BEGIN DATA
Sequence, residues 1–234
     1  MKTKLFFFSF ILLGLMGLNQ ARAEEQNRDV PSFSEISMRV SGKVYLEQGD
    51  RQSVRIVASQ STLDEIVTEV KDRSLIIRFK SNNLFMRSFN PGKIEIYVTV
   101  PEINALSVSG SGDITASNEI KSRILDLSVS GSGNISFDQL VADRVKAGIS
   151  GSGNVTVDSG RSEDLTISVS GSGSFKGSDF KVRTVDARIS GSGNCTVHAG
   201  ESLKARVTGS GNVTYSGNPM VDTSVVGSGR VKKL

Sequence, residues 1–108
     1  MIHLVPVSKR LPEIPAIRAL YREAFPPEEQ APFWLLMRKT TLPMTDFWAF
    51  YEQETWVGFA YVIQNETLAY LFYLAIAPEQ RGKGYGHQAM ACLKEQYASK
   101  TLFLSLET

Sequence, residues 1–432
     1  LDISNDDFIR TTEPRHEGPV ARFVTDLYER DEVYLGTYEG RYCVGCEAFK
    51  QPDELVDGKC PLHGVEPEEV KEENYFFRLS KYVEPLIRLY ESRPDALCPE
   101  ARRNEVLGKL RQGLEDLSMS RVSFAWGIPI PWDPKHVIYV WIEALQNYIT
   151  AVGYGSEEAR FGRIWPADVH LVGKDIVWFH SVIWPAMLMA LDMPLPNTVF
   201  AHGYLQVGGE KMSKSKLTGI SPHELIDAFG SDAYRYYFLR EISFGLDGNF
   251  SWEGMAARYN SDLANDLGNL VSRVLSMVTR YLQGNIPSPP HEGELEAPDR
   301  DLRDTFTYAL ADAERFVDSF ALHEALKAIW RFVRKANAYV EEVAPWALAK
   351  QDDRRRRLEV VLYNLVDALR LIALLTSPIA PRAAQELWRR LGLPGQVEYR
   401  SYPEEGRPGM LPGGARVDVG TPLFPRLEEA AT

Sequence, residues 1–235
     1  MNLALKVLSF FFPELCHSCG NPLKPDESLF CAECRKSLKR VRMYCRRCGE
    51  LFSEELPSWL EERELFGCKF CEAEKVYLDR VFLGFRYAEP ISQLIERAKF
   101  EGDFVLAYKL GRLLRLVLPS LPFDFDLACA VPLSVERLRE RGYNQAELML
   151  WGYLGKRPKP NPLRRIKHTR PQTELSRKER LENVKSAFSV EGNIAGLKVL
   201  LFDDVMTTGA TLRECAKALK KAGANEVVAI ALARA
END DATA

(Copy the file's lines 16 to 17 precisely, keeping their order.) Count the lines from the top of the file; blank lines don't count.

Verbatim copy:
   201  AHGYLQVGGE KMSKSKLTGI SPHELIDAFG SDAYRYYFLR EISFGLDGNF
   251  SWEGMAARYN SDLANDLGNL VSRVLSMVTR YLQGNIPSPP HEGELEAPDR